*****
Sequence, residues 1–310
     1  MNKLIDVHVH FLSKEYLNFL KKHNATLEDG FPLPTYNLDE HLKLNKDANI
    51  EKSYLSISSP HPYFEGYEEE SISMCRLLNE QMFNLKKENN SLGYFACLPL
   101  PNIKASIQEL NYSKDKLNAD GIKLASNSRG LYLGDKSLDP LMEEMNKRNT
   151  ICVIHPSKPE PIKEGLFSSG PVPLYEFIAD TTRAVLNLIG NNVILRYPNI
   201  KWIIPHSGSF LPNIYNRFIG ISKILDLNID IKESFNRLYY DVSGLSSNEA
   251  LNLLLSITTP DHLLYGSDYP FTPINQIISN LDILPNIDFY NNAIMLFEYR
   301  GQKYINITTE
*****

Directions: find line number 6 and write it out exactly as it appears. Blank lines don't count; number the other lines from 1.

   201  KWIIPHSGSF LPNIYNRFIG ISKILDLNID IKESFNRLYY DVSGLSSNEA